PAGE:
This week will be quite a busy one for data releases and events. The main highlights are inflation and labour market data and a final word in 2016 from the Monetary Policy Committee.
On Tuesday ONS publish factory gate prices for November. There has been a recent surge in interest in this release, largely a consequence of the surge in input price inflation that materialised shortly after Sterling’s tumble in June.
Last month’s release showed input prices accelerating by more than 12% in the year to October, with even larger increases seen in food, metals and petroleum inputs. However, output price rises are lagging far behind, inevitably doing some damage to profit margins in some industries, as we’ve been blogging about in recent months.
We expect to see more of the same in the latest statistics for November. While the Sterling average effective exchange rate edged higher in November, it was still some 10% lower than in June and our recent Manufacturing Outlook report also point to some pick up in output prices in the final quarter of the year, but this isn’t like to be sufficient to alleviate pressure on margins.
The question is when will (if?) these factory gate price increases feed through to consumer price inflation. In October CPI dipped back to 0.9%, but with last year’s petrol and food price falls dropping out of the annual series, CPI is expected to pick up quite rapidly from here on in.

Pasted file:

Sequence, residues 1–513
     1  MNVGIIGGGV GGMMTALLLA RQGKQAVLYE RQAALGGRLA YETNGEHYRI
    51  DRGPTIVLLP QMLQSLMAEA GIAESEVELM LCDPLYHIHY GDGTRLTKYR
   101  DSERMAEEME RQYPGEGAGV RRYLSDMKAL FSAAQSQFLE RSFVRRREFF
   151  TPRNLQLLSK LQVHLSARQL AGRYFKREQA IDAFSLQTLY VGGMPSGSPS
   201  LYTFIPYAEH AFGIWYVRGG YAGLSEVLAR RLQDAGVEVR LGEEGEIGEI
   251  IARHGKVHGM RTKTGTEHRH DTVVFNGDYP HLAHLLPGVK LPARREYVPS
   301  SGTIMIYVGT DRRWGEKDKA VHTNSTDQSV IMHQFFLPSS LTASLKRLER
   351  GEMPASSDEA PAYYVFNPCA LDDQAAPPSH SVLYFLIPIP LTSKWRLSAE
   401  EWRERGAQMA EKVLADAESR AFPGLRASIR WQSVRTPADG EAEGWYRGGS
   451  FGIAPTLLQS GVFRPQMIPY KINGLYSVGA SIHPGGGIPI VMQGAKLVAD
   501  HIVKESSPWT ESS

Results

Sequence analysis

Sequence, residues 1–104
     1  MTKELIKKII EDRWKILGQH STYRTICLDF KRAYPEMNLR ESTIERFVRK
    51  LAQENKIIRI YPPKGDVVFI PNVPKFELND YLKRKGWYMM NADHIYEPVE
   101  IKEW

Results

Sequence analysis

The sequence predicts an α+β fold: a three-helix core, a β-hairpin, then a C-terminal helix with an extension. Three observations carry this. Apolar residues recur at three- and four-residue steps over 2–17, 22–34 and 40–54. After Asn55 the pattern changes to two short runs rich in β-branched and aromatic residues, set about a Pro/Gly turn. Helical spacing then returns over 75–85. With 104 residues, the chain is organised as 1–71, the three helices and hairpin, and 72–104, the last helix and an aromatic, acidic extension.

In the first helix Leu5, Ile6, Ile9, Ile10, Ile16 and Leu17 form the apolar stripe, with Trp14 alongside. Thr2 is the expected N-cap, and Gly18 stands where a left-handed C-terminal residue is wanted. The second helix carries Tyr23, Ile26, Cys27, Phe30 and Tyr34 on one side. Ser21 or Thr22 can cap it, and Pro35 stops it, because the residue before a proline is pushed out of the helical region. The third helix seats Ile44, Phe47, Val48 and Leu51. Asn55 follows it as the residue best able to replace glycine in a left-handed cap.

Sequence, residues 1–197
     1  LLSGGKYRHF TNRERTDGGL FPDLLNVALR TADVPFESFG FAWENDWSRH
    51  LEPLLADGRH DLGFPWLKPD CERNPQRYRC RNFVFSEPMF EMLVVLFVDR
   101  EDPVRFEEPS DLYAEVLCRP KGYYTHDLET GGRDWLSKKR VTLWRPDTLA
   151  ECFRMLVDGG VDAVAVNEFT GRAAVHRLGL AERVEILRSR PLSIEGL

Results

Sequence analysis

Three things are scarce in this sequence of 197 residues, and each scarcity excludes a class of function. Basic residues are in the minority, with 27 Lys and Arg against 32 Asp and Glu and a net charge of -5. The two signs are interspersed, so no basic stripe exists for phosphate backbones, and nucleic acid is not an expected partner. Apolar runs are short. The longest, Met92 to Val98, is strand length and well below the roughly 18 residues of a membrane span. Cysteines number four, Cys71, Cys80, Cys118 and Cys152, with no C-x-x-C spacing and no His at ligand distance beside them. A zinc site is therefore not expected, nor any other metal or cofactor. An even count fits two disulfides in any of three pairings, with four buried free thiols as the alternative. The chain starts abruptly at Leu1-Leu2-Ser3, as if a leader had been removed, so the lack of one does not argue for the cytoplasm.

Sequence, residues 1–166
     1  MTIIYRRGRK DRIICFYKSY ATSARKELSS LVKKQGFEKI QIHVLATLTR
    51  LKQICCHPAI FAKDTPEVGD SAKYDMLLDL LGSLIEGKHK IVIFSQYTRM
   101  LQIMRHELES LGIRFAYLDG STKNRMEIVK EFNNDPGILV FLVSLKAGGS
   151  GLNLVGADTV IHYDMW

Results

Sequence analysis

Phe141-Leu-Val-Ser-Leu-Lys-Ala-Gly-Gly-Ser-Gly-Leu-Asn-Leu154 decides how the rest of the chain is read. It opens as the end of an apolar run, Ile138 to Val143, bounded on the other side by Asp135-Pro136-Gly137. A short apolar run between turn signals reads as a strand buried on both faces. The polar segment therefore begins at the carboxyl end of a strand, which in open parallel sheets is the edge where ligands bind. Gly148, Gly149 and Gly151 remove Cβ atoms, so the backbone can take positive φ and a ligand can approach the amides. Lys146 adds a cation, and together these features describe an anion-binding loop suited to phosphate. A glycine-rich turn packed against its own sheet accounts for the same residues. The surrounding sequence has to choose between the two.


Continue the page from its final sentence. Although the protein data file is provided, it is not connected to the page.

There is a fair bit of uncertainty about how much of the input cost increases will show up in the CPI data given some retailers’ reluctance to raise prices. However, that’s more a question for 2017 rather than this month’s release.
There’s been nothing but positive news in the labour market data this year. Unemployment has continued to fall and in the three months to September the rate dropped to 4.8% - the lowest for more than 11 years. However, the pace of job growth is slowing. While we haven’t seen a referendum related impact in the data, any further declines in unemployment in the remainder of this year are set to be modest.
This month also sees new data on manufacturing jobs from ONS covering the third quarter of the year. We’ve seen gain in the previous three quarters, with the number of people employed in the sector up 13,000 in the three months to June. Our q3 Manufacturing outlook report showed negative employment balances for the period, but with a recovery in the final months of this year.
And a final word from the MPC
..the committee voted to maintain Bank Rate at 0.25%. Probably.